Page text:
It’s no secret that the BBC churn out some of the best period dramas we’ve ever seen. Sure, ITV may have Downtown Abbey, but compare that with the extensive and excellent list over at the Beeb, which includes the likes of Call the Midwife, Poldark, Tess of the D’Urbervilles and The White Queen, and it’s evident who the winner is.
Meet the latest period drama to hit the channel, An Inspector Calls. Based on the play by J.B. Priestley, the one-off TV film event drew in 6 million viewers when it premiered last Sunday.
Why, you ask? Not only is An Inspector Calls a gripping piece of literature, but it’s something the majority of us British folk spent a year studying in a stuffy classroom for our GCSE examinations. Back when I was a high school student, I adored An Inspector Calls and its clever twists and insightful plot. Watching the book I studied be brought to life on screen gave me so many flashbacks to school, but it also reinforced just how important Priestley’s work is.
If you haven’t studied An Inspector Calls, don’t fret. Here’s a crash course on what it’s about and why you need to get watching, or reading, it.
Set in 1912, it stars Harry Potter‘s David Thewlis (That’s Remus Lupin to all you Potterheads!) as the mysterious Inspector Goole who interrupts the affluent Birling family during a celebration to question them about the suicide of a young woman named Eva Smith.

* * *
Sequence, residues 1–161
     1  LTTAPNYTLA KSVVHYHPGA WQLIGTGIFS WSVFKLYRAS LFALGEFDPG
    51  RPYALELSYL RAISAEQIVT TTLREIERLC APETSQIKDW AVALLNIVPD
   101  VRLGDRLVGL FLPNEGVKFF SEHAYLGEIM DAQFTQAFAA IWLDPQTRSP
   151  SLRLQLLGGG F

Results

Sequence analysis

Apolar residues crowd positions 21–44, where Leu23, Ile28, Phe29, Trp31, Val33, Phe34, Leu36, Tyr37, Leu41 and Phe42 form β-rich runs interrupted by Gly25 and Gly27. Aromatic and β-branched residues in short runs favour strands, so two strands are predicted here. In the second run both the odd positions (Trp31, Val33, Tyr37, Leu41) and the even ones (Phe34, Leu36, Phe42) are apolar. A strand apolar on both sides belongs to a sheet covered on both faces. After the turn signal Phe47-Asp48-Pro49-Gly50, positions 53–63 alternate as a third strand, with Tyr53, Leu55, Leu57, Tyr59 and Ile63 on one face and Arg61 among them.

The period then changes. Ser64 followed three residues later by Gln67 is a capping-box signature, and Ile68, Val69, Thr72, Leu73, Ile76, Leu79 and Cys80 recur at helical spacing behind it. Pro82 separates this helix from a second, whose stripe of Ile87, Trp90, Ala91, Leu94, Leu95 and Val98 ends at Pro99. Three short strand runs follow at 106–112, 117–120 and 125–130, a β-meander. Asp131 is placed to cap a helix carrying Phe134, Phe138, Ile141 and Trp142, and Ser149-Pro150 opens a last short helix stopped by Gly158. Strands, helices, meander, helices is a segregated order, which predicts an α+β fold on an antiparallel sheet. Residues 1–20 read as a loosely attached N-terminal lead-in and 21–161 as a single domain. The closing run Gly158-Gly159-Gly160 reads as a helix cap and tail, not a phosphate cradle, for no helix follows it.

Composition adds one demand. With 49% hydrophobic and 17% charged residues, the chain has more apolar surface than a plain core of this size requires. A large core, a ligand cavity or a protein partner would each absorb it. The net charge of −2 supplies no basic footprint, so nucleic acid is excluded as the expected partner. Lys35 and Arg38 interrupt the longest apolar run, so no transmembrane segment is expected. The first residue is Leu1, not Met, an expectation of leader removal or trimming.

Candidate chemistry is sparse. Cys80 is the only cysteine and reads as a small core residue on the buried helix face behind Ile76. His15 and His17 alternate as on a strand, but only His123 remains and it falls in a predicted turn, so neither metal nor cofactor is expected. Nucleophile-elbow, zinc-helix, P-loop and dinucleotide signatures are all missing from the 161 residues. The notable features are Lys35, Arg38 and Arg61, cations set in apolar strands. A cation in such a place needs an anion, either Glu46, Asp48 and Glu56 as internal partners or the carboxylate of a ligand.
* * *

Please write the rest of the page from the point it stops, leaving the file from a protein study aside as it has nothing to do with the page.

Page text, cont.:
One by one, it seems all the Birlings had a part to play in Eva’s untimely death.
1. The Birling Bunch
Perhaps what makes An Inspector Calls so amusing are the ignorant and wealthy Birling family.
Mr Arthur Birling, played by Ken Stott, is a portentous man who is extremely proud of his achievements. He is selfish, prejudiced and he is the catalyst who sets Eva, a poor factory worker for Mr Birling, on a downward spiral that eventually leads to her taking her own life.
If you think Arthur’s bad, then you’ll loathe his missus! Miranda Richardson was perfect as the unapologetically snobby Sybil Birling. Chair of a Brumley Women’s Charity Organisation, Sybil turns away Eva when she needs help the most.
With parents like Arthur and Sybil, you’d expect their children to be the spawn of Satan. However, Eric and Sheila are probably the more likable of the Birling bunch.
At the start you’ll dislike Sheila as much as the rest, but after learning that her ignorant actions can have disastrous consequences she immediately feels guilty. Sheila becomes wiser throughout the duration, having her social conscience awakened to the injustice people below their class face – especially women.
Ah, Eric. The Birling’s drunk and rebellious son will become your newest period drama crush in no time at all. Played by Peaky Blinders‘ Finn Cole, you can’t help but love Eric despite his wrongdoings. Much like Sheila, he understands that he and his family all had a responsibility for what happened to Eva.
2. The Significance of Eva Smith
We never get to meet Eva in the play, we only get glimpses of her through recounts that the Birlings and the Inspector give us.